Best Residential/Hospitality Project: Aurora at North Bethesda
North Bethesda, Md.
General Contractor BE&K Building Group (Formerly KBR Building Group)
Plumbing A & H Plumbing
Mechanical Advantage Air Conditioning of VA
Fire Protection American Automatic Sprinkler Co.
Electrical Dynalectric Co.
Concrete Miller & Long Co.
Masonry United Masonry
Earthwork Goldin & Stafford
The 18-story, 311,000-sq-ft tower is the second of four high-rise residential buildings to be constructed at the North Bethesda Center transit-oriented development.
Constructing the building’s signature structural feature—a dramatic sweeping rooftop extending up and over the exterior—proved particularly challenging. While its height is 227 ft above lowest grade, the tower is set back on all sides from a 135,000-sq-ft below-grade parking structure and the property line is nearby.
Special lifting plans and cantilevered scaffold platforms were used so that the roof and other exterior work could be performed safely and without affecting construction activity in adjacent areas.
The project was well underway when the entire exterior color scheme for the project was changed. That required close coordination with multiple subcontractors, suppliers and vendors to quickly secure new components such as window framing, curtain wall, a glass and metal panel storefront system, louvers, railings and light fixtures.
Another in-progress design change altered the tower’s pool and surrounding deck area to incorporate the addition of a “sunshelf” and a trellis/waterfall feature.
The introduction of these two features to the pool area was problematic because the structural “box” for the pool was already in place and could not be changed. A quickly developed system reconfiguration made it possible for the revised piping, lighting and skimmer systems to fit and operate properly within the fixed structure.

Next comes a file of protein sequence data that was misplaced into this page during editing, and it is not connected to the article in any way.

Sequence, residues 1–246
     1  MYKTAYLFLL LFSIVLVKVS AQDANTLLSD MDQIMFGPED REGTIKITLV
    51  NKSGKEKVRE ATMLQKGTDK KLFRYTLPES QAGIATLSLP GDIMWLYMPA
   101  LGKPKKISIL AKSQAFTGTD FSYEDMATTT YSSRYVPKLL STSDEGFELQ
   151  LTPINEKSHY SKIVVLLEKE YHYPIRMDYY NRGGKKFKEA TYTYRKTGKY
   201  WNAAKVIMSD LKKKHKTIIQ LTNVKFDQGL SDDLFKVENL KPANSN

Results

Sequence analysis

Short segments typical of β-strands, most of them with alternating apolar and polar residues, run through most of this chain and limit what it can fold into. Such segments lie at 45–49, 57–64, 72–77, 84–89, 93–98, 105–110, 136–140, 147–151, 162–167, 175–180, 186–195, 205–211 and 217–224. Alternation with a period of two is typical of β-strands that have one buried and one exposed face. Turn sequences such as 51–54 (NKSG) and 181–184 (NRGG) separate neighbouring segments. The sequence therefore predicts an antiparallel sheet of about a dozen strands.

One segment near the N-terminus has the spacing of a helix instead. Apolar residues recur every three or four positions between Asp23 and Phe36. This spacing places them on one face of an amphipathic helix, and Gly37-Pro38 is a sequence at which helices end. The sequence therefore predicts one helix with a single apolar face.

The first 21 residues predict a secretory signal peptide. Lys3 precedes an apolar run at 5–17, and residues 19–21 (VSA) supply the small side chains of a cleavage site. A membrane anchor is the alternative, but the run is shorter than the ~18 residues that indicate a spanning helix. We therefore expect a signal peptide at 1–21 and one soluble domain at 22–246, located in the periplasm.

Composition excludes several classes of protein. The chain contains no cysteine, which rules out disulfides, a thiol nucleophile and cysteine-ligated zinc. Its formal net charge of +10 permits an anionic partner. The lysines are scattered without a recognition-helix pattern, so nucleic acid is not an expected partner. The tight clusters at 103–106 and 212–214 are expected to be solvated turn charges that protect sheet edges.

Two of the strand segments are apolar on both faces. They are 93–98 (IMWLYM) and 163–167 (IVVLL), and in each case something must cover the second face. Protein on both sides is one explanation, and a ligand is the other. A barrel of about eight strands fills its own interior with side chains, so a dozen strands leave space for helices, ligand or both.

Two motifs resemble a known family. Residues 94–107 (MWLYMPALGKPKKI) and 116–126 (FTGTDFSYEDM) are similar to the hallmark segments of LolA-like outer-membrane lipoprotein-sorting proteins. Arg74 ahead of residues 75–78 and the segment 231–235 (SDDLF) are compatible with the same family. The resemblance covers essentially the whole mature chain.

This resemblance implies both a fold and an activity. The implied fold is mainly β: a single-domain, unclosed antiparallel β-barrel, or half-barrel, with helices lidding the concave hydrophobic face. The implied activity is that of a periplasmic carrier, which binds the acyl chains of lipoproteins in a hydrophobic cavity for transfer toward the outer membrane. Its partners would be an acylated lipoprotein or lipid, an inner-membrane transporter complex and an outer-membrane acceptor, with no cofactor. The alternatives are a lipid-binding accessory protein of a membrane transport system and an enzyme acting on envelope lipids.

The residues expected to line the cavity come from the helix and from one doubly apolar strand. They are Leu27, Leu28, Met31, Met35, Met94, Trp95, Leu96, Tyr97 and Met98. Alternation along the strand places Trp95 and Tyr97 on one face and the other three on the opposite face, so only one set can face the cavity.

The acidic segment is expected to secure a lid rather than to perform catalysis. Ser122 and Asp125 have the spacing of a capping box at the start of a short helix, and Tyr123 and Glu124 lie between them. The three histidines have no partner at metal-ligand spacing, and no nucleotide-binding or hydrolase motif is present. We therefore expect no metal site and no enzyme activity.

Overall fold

The Aurora was intended to incorporate building materials and interior finishes with recycled content that were to be sourced from within a 500-mile radius of the site. However, the project was continually beset by the discovery that specified products had been discontinued.
The most significant example was the closure of a quarry that was to provide granite countertop materials. Limited options were available for the selected color. That led to an exhaustive process to identify a suitable replacement for the granite materials in time to prevent significant delays in the schedule.
Even with these many changes, the Aurora achieved a LEED-Silver rating. Features such as low-flow plumbing fixtures, high-efficiency HVAC systems and special window glazing will reduce annual energy costs by 14%.
Low- and no-VOC adhesives, sealants, paints, coatings and carpet systems will improve indoor air quality.